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Posted: 27 May 2008

Academic examines the real impact of provisions of the Lisbon Treaty

According to the ‘no’ campaign, ratification of the Lisbon Treaty would mean the end of EU referendums in Ireland. However, a new working paper on the Lisbon Treaty published by the UCD Dublin European Institute shows that Article 48 is in fact “strikingly conservative” and will leave the member states firmly in the driving seat should a ‘yes’ vote be carried in the Lisbon Treaty referendum.

“The requirement of unanimity will continue to apply, giving each one of the currently-27 member states an effective veto over any amendment [to the EU’s treaties],” says Dr Gavin Barrett, UCD School of Law and author of the working paper. “Additionally, each national parliament is permitted to veto future Treaty amendments under the Lisbon Treaty.” Dr. Barrett describes the suggestion that the Lisbon Treaty will somehow deprive Irish voters of a compulsory referendum in the event of any switch to majority voting at European level as based on a misunderstanding of the present legal position.

In the working paper, Dr Barrett disagrees with the cohort of ‘no’ campaigners who are expressing the view that ratification of the Lisbon Treaty will turn the EU into a ‘super-state’. According to Dr Barrett, under the Lisbon Treaty each member state has the express legal right to withdraw from the Union - a right not enjoyed by members of federal states. This right is established by the new Article 50 inserted in the Treaty on European Union by the Lisbon Treaty.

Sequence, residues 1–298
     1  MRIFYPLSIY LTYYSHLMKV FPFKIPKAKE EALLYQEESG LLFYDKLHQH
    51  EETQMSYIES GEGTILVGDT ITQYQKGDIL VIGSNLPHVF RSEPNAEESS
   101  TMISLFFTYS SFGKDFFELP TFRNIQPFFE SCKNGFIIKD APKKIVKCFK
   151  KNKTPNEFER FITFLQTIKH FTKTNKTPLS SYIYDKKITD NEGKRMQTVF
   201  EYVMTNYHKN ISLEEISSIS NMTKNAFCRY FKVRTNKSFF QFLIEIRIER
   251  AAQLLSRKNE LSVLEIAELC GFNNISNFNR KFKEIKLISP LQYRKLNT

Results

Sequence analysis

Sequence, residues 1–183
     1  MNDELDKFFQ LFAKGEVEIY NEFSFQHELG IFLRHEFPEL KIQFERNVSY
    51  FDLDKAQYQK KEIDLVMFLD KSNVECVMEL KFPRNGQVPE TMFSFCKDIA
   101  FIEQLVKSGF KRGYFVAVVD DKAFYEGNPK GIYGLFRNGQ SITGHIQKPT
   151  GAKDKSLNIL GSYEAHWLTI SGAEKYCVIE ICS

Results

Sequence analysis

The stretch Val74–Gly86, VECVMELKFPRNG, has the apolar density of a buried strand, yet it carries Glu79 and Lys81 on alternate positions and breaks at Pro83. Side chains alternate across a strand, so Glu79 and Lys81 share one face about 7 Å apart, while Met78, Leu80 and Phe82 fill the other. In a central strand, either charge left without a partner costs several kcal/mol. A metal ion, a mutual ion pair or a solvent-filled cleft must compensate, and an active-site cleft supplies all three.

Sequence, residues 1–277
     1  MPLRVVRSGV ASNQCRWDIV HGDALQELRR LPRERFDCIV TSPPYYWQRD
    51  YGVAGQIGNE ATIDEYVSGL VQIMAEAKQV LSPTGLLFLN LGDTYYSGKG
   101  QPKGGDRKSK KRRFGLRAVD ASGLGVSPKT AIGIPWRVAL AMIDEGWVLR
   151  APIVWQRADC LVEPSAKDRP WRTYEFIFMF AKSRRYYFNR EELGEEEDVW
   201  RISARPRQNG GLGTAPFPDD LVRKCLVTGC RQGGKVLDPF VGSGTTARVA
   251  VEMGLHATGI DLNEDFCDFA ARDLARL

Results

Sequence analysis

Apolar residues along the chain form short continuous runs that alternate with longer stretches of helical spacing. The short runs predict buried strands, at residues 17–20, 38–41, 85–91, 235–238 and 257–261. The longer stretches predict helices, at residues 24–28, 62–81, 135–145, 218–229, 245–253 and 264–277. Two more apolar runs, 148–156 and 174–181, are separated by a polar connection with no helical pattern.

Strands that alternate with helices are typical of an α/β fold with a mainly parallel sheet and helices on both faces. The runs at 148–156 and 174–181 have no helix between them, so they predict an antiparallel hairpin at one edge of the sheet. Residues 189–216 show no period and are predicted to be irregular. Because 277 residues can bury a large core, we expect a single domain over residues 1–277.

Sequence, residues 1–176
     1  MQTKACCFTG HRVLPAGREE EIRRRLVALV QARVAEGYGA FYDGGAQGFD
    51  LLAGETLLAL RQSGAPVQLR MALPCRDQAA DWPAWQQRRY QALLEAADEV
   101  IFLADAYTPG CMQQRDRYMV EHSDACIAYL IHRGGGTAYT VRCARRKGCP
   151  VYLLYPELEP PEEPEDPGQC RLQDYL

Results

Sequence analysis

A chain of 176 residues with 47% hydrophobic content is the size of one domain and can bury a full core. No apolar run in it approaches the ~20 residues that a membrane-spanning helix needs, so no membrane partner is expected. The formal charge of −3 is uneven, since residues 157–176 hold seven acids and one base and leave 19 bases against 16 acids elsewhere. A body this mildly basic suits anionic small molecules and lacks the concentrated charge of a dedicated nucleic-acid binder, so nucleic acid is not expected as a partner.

According to Dr Barrett, the Lisbon Treaty does subject EU activity in the area of ‘justice and home affairs’ (including fundamental rights, asylum and migration, police and judicial cooperation in criminal matters, the fight against drugs and terrorism) to the jurisdiction of the EU’s Court of Justice. This he argues is “a long overdue reform, from a number of perspectives including that of individual rights, the rule of law and the need for uniformity of the European Union legal order.”

The working paper does not look at innovations included elsewhere in the Lisbon Treaty, such as those that enable the EU to speak with a single voice in world affairs and those that give national parliaments and the European Parliament a greater role in the preparation and adoption of EU legislation.

Final Impact: The Treaty of Lisbon and the Final Provisions of the Treaty Establishing the European Community and the Treaty on European Union by Dr. Gavin Barrett is the first in a series of working papers published by the UCD Dublin European Institute. The working papers can be accessed at:

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Academic examines the real impact of provisions of the Lisbon Treaty